Solid models of two types of prosthesis for reconstruction of the femoral distal bone defect
Values of bone and tumor knee prosthesis components
Ti-6Al-4 V alloy
Yield strength 1010; tensile strength 1080
Yield strength 574; tensile strength 736
Compressive strength 55; tensile strength 124
Yield strength 44; compressive strength 67
Yield strength 21; tensile strength 34
Experimental conditions and model mechanical loading
The experimental conditions were as follows. First, the prosthesis, bone cement, and bone were all defined as isotropic continuous linear elastic materials. Second, the prosthesis bone cement-bone interface was fully integrated, i.e., relative sliding did not occur under the condition of stress loading. Mechanical loading used a single proximal femoral load, and the force direction was along the femoral axis to the knee joint such that loading was along the longitudinal axis of the femur. Loading mode one was as follows: simulations of a gait with one foot in the upright position with the knee-joint force 2.5 times that of the body weight (2.5 × 650 N = 1600 N) . Loading mode two was as follows: Morrison classic loading curve , a knee flexion of 15° with a loading of 2200 N. The mechanical loading method was 8 points, which were selected from the cross section of the proximal femur. The stress magnitude was determined (e.g., 1600 × 1/8 = 200 N; 2200 × 1/8 = 275 N). The boundary constraint condition was complete restraint in the specified loading mode of the distal tibia.
Maximum stress (MPa) of the two types of prostheses when loading 1600 N
Bone cement of the tibia side
Maximum stress (MPa) of the two types of prostheses with 15° of flexion of the knee joint and loading 2200 N
Bone cement of the tibia side
The relatively high stress concentration was located at the junction of the stem and shaft with a ladder-like decrease to the end of the handle. No stem breakage occurred in our case series . However, the rate of prosthetic stem breakage was approximately 6–24% and an important cause of early failure of limb salvage [20, 21]. Prosthetic stem breakage was related to the design of the prosthesis, quality of the material, thickness of the stem, and stress on the prosthesis . According to the analysis of the fatigue damage, cracks usually occurred at the location of the concentrated stress, and the material endurance limit was reduced, which was largely due to the effects of the stress concentration . In our study, the concentration of stress was obvious at the junction of the stem and shaft. As a result, the possibility of fatigue fractures of the prosthesis was relatively high over an extended period with long-term use of the knee joint in daily life. As the more intense contact surface of the two types of constructions changed, there was a more obvious stress concentration . This phenomenon can be exploited to reduce the stress concentration.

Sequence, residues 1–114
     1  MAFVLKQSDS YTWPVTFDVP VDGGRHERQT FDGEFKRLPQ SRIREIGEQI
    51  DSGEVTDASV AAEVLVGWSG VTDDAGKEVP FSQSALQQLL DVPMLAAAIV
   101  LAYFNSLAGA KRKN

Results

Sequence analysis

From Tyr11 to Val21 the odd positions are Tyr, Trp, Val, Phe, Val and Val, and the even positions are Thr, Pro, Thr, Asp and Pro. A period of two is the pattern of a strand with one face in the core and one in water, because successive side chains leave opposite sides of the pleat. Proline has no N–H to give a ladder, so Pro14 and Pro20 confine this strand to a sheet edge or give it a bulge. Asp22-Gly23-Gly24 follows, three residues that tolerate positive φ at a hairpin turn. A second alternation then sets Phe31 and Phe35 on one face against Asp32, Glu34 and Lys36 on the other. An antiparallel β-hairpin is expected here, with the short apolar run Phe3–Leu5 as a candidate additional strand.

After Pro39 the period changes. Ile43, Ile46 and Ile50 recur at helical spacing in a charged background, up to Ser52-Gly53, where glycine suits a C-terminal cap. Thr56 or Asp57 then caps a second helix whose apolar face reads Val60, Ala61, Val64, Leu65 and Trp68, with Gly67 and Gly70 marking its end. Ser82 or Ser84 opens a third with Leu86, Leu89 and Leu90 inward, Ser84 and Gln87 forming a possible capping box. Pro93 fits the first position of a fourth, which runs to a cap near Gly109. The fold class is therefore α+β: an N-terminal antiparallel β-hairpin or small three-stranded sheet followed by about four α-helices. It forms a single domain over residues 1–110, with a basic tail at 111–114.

The stress distributions on the tibial articular surface were essentially the same for the two types of prostheses. High stress was mainly concentrated on the entrance of the femoral shaft. The stress of the outer platform was slightly higher than that of the inner part of the tibial plateau, which indicated that these parts were the main areas of wear in the process of knee flexion and extension. The high stress state of the knee in a normal walking gait may result in serious wear of the tibial prosthetic polyethylene liner, and the potential for a fatigue crack is high. However, a large surface for contact between the intercondylar eminence and polyethylene platform makes the high stress gradually spread to the surrounding area. Therefore, except at the highest stress node, the polyethylene platform in most regions of the stress distribution followed behind the polyethylene yield strength. It appears that the APT component has a thicker high molecular weight polyethylene and reduced one-wear interface, which is more durable than the MBT component. Conventional aseptic loosening manifests as osteoclast-mediated peri-prosthetic resorption of bone, which is likely because microscopic polyethylene debris occurs after interface wear between the metal bottom bracket and polyethylene, which usually presents several years after the original reconstruction surgery . In the most recent aseptic loosening that was treated with revision surgery 7 years after the initial surgery, we found that the APT component showed no obvious wear (Fig. 1). Our goal is to find a polymer material with a slightly higher elastic modulus that could provide similar or greater biocompatibility and better avoid material wear.
In our study, the polyethylene prosthesis bone cement stress value was approximately 20 times higher than that of a metal prosthesis, and the stress was higher in the flexed position. No tibial component failure occurred in our case series. The thickness of bone cement was 2 mm in one study. A previous study did not find a relationship between the thickness of the cement layer and size of the load . Previous studies have confirmed that bone cement is an intact module that connects the prosthesis and bone to distribute stress. However, in the event of a crack, stress will be redistributed, and the failure of the bone cement can accelerate further failure [25, 26]. Cracks in the bone cement may be followed by fatigue fracture, prosthesis loosening, or other complications. In this study, the bone cement layer stress in the metal prosthesis was relatively low. However, although the polyethylene prosthetic bone cement was generally in a high stress state, this was lower than its fatigue endurance limit . Cement stress in other studies also reported increased compressive stress at the cement–cancellous bone interface for the APT implant .